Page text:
There are a number of activities in the area. My sister promised that she was going to try the tandem paragliding from the western side of the hill down to the Seapoint promenade I think with a number companies that offering that. The start point for the hike up to Lion’s Head is also on the road to Signal Hill. The hike is quite popular and I think there are quite a few locals who get together and do it every month on the night of the full moon.
There is no entrance charge but beware that facilities are minimal. Also note that it can get windy and chilly even in the summer months so carry along some warm clothes. i have had the unfortunate experience of standing and waiting for the sun to set and giving up because it got dull and grey and cold unexpectedly.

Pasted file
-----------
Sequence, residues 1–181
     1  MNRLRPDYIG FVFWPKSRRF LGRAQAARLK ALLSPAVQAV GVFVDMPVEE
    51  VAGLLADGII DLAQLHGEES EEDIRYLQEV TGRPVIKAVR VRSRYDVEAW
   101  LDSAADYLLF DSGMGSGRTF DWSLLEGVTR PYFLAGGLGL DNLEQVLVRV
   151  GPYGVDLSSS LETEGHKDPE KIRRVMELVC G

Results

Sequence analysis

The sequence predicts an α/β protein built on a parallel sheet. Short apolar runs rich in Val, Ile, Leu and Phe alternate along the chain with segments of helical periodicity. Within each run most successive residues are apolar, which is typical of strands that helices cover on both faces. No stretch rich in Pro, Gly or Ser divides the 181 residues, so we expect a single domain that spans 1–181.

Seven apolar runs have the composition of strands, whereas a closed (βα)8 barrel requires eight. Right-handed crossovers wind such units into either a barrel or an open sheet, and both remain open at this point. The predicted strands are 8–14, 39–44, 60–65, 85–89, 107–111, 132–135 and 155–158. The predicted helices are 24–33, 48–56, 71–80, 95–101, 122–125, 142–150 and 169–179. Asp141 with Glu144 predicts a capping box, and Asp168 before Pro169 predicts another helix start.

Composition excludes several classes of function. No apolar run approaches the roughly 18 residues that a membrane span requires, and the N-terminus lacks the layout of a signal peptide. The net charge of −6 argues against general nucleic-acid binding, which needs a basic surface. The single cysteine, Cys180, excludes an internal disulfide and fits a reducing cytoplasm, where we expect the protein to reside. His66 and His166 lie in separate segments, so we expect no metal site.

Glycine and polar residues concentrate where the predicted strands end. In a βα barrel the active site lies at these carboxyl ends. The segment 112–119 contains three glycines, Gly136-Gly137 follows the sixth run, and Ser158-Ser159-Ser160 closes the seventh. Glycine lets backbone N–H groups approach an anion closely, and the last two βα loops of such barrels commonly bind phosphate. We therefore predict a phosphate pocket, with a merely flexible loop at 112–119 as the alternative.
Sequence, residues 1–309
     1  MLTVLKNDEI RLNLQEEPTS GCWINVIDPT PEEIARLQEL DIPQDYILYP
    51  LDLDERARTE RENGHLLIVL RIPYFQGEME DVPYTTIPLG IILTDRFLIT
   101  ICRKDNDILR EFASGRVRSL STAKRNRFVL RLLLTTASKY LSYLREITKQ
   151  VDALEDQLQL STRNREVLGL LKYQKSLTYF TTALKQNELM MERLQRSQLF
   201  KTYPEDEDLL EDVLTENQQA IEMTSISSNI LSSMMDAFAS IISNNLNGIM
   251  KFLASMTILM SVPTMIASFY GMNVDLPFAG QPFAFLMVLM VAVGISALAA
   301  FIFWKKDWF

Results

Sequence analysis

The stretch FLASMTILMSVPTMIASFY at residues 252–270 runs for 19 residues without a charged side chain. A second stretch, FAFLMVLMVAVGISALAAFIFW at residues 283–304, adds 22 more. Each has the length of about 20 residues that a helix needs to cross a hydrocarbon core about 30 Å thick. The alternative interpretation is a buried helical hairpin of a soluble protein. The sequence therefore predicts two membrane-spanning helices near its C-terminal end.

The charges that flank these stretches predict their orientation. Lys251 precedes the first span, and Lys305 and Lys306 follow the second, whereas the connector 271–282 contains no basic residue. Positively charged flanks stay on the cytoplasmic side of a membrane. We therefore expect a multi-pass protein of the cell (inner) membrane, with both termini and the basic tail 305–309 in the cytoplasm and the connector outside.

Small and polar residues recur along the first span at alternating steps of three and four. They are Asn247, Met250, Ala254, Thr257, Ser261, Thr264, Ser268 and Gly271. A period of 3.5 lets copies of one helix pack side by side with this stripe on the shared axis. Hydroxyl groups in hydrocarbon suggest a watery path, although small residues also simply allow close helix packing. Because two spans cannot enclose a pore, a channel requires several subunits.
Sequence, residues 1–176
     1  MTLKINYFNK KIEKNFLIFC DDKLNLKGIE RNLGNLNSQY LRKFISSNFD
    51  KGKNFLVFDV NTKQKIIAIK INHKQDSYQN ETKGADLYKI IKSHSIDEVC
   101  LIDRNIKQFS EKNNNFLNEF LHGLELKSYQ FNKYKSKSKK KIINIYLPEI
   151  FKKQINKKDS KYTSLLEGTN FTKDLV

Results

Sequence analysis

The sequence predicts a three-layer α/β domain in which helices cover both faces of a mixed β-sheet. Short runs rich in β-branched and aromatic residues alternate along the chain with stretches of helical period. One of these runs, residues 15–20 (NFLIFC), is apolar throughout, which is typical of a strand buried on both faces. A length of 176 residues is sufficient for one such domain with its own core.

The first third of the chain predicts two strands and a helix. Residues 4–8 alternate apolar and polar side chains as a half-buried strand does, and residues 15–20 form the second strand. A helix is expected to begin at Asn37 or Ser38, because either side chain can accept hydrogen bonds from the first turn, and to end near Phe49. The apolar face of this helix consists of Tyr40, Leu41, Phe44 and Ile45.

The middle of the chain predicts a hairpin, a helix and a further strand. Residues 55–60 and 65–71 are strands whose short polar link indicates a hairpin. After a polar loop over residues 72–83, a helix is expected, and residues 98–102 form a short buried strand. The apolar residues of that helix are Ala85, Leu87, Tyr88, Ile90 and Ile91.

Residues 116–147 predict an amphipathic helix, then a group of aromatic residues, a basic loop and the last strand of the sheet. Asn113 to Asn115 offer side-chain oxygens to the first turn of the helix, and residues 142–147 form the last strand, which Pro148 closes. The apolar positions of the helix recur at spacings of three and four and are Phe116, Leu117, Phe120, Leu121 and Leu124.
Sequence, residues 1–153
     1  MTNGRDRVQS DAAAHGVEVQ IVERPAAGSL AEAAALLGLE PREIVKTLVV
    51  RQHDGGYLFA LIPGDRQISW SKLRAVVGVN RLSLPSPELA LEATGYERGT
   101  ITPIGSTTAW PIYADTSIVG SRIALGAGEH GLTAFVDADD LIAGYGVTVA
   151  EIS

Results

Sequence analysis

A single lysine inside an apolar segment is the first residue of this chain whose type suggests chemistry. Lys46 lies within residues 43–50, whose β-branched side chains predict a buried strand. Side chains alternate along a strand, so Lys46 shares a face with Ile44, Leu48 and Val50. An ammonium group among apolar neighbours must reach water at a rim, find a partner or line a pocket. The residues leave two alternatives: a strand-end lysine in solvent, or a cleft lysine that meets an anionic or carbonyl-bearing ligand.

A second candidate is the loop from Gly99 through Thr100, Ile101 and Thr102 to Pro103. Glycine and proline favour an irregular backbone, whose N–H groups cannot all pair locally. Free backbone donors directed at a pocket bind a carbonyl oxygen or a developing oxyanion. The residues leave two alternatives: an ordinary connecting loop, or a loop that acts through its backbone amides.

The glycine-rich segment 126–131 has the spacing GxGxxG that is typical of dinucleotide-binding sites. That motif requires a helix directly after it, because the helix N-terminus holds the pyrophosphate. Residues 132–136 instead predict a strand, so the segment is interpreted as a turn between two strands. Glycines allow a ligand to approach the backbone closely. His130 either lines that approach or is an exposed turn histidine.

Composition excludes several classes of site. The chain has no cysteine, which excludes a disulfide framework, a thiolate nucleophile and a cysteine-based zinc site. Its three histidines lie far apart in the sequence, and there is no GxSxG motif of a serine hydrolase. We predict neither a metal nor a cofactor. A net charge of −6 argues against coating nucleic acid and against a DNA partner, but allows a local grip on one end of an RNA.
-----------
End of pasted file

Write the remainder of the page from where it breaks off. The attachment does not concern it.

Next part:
There are almost countless other options of things to do in Cape Town that I haven’t listed here because I would take forever to write about them all. Long Street, Blouberg, Table Mountain, Cape Point, Noordhooek, Oudekraal, driving up the west coast to towns like Langebaan and Paternoster. Birding hotspots like the Rietvlei, Woodbridge Island and Strandfontein sewage works. I’m sure there are also places I haven’t visited, eaten at or taken photos also waiting to be discovered that could surpass the 5 I have listed here. But for now, these are some of the reasons I love Cape Town.